“This is where I was born,” pointed out Michi on Friday, peering into the stained storefront of the former University Laundry at 2530 Shattuck Ave. almost seven decades since she was last there. “The Santa Fe and Key Route trains chugged by on Shattuck while my brother and I played inside. The business was pretty good as my dad was able to send four of my sisters to Japan and bring them back here. That’s four round-trip plane tickets.” 

The Fujii family shared a kitchen, dining and living room upstairs along with the Kimbaras, Imamuras and Tokunagas. 

“My fiance and I were attending UC Berkeley,” Michi said. “We had no plans to get married immediately but then Pearl Harbor happened. President Roosevelt sent out the Executive Order 9066 and we decided we would get married so that we could stay together.” 

Since cameras were confiscated from Japanese families, the only documentation Michi had of her wedding day was a portrait taken by photographer Dorothea Lange, who was on assignment to document the evacuation of California’s Japanese Americans.  

“But we didn’t get a copy and we never saw Lange again,” Michi said. “One of my friends spotted the picture in Lange’s collection in Washington, D.C., almost 17 years later. I was able to get a copy by paying $3.”  

Taeko Oda, whose father-in-law owned Oda Eggs and Poultry at 1744 McGee Ave., was also a university student around the same time as Michi. 

“I had six units left to graduate,” she said. “When December 7 happened, I was in the library studying for the finals. The face of the enemy became Japanese. I was so frightened I picked up my books and left.” 

Like Michi, Taeko was also relocated to Topaz, Utah.  

“We had to sell all our belongings at a loss,” she said. “It was just so demeaning. The camps were smelly, dirty and there was no privacy. I survived the ordeal because I was young. Fifty years later I was awarded my degree.” 

Preservation efforts have started with the former Obata Studio and Art Store at 2727 Telegraph Ave.—once used as the workspace of UC Berkeley professor and renowned painter Chiura Obata—which is being nominated for local landmarking by the Berkeley Architectural Heritage Association.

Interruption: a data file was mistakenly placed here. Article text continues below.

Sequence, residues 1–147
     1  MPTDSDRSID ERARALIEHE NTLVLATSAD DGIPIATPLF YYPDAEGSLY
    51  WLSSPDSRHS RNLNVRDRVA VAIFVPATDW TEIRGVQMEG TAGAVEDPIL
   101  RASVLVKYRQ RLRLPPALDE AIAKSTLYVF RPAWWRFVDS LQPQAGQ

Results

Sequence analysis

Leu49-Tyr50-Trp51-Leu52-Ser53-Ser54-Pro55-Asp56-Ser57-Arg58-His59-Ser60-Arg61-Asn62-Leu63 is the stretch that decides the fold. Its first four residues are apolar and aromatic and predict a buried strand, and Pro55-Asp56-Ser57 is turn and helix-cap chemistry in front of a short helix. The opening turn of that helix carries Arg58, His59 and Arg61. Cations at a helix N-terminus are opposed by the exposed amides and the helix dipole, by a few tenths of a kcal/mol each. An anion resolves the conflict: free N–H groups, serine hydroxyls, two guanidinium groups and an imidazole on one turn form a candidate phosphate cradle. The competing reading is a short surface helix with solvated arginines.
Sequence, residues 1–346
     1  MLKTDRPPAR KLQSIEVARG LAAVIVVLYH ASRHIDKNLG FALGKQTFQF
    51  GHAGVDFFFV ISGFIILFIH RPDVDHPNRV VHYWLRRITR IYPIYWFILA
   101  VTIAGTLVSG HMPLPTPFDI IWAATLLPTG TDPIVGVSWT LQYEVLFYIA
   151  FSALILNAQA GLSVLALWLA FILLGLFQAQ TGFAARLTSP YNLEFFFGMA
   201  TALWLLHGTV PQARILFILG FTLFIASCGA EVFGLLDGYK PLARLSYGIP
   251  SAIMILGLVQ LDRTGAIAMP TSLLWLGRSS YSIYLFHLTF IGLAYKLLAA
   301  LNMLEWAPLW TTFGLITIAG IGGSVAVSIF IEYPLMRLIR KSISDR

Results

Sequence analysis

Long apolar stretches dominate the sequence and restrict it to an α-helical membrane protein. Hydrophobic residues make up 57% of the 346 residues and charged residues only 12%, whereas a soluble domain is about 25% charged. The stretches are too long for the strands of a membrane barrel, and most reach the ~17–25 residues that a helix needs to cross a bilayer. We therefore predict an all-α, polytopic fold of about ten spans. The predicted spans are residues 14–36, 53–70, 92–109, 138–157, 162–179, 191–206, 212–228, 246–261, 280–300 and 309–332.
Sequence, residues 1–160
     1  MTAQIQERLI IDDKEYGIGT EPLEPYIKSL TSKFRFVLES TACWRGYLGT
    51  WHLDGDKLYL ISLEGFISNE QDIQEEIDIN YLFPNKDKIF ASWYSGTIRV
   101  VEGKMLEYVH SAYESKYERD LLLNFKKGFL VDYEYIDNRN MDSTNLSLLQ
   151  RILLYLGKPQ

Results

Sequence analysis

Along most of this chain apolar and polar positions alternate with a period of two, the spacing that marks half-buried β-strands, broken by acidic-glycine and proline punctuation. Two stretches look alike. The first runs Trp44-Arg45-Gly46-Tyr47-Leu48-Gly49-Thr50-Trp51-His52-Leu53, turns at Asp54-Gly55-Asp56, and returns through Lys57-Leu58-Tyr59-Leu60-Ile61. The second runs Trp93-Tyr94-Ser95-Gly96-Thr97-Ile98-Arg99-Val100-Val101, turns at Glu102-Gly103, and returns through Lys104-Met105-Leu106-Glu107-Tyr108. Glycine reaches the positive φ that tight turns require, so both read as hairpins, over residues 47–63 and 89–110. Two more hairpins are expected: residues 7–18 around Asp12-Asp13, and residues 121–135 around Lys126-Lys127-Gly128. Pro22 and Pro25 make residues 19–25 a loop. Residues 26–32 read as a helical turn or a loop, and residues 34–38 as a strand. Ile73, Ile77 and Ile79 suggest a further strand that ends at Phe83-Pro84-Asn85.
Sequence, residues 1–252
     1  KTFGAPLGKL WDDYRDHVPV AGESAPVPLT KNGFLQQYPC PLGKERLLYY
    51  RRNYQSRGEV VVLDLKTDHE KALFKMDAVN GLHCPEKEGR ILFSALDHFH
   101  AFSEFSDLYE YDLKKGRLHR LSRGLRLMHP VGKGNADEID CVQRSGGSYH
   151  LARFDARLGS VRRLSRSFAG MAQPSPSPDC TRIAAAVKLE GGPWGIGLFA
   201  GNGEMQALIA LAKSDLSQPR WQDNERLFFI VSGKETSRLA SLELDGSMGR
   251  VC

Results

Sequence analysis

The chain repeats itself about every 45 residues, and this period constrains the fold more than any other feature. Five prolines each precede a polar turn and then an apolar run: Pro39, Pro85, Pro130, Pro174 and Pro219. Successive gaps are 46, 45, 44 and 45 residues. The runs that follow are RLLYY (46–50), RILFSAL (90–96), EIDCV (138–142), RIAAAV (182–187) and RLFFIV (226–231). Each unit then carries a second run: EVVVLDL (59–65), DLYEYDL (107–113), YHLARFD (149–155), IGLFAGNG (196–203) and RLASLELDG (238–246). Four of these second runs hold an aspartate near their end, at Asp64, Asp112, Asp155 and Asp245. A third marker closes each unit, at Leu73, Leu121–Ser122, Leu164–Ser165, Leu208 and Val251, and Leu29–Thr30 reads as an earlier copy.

“I don’t think it’s possible to landmark all 60 locations,” Graves said. “But I think it’s important to point out the poignant and powerful stories behind each building.” 

After Pearl Harbor was attacked, shots were fired through the window of the art studio. 

“People threw garbage on our steps at night but never showed their face,” said Yuri Kodani, 80, Obata’s daughter. 

“When the war began, we had to sell everything and evacuate to the relocation camps in Tanforan. We lived in stables. But my father’s students and ex-students were very kind to us. Robert Gordon Sproul stored his paintings in the university and we got them back after the war.” 

Once a bustling storefront for the popular Blue Nile restaurant, the Obata studio will open as the Muse Art House and Cafe in January. 

“In a way it’s coming full circle,” Kodani said. “I am glad that the essence of the place will remain the same.” 



Image courtesy Michi Uchida 

George and Michi Uchida pose for photographer Dorothea Lange during their wedding on April 27, 1942. The Uchidas left for the Tanforan evacuation camps the next day.